# Derivatives

## The derivative of ${\frac {d}{dx}}x^{x}$

### Question

What is ${\frac {d}{dx}}x^{x}$?

### Solution 1

- Let $y=x^{x}$.
- Take $\ln$ of both sides: $\ln y=x\ln x$.
- Differentiate both sides: ${\frac {d}{dx}}\ln y={\frac {d}{dx}}x\ln x$.
- Apply the chain rule on the left-hand side: ${\frac {d}{dx}}\ln y={\frac {1}{y}}\cdot {\frac {dy}{dx}}$.
- Apply the product rule on the right-hand side: ${\frac {d}{dx}}x\ln x=1\cdot \ln x+x\cdot {\frac {1}{x}}=\ln x+1$.
- Putting it together, we have ${\frac {1}{y}}\cdot {\frac {dy}{dx}}=\ln x+1$.
- Hence ${\frac {dy}{dx}}=y(\ln x+1)=x^{x}(\ln x+1)$.

### Solution 2

- Note that $x=e^{\ln x}$, so $x^{x}=(e^{\ln x})^{x}=e^{x\ln x}$.
- Applying the chain rule, ${\frac {d}{dx}}x^{x}={\frac {d}{dx}}e^{x\ln x}=e^{x\ln x}{\frac {d}{dx}}x\ln x$.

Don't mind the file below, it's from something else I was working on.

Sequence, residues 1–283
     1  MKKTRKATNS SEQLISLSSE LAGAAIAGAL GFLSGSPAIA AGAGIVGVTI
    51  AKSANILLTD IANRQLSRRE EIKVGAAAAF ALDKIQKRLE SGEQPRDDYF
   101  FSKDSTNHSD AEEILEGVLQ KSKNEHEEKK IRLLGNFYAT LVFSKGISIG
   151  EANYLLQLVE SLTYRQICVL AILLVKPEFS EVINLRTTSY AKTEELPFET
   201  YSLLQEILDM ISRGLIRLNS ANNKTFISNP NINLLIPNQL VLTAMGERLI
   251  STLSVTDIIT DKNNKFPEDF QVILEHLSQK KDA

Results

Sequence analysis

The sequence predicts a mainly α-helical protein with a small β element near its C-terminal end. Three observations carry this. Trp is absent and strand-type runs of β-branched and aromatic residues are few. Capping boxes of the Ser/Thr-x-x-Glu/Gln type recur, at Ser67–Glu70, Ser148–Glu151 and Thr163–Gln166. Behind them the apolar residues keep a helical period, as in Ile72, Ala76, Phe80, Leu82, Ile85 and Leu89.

- Applying the product rule, ${\frac {d}{dx}}x\ln x=1\cdot \ln x+x\cdot {\frac {1}{x}}=\ln x+1$.
- Therefore ${\frac {d}{dx}}x^{x}=e^{x\ln x}(\ln x+1)=x^{x}(\ln x+1)$.

# Integrals

## The integral $\int x^{x}\,dx$

### Question

What is $\int x^{x}\,dx$?

### Solution

- We can write $x^{x}$ as $(e^{\ln x})^{x}=e^{x\ln x}$.
- Consider the series expansion of $e^{x\ln x}$:

$e^{x\ln x}=1+(x\ln x)+{\frac {(x\ln x)^{2}}{2!}}+{\frac {(x\ln x)^{3}}{3!}}+\ldots +{\frac {(x\ln x)^{i}}{i!}}+\ldots =\sum _{i=0}^{\infty }{\frac {(x\ln x)^{i}}{i!}}$.

- We can interchange the integration and summation (we can recognize this as a special case of the Fubini/Tonelli theorems) and write

$\int x^{x}\,dx=\int \left(\sum _{i=0}^{\infty }{\frac {(x\ln x)^{i}}{i!}}\right)\,dx=\sum _{i=0}^{\infty }\left(\int {\frac {(x\ln x)^{i}}{i!}}\,dx\right)=\sum _{i=0}^{\infty }\left({\frac {1}{i!}}\int x^{i}(\ln x)^{i}\,dx\right).$

# Limits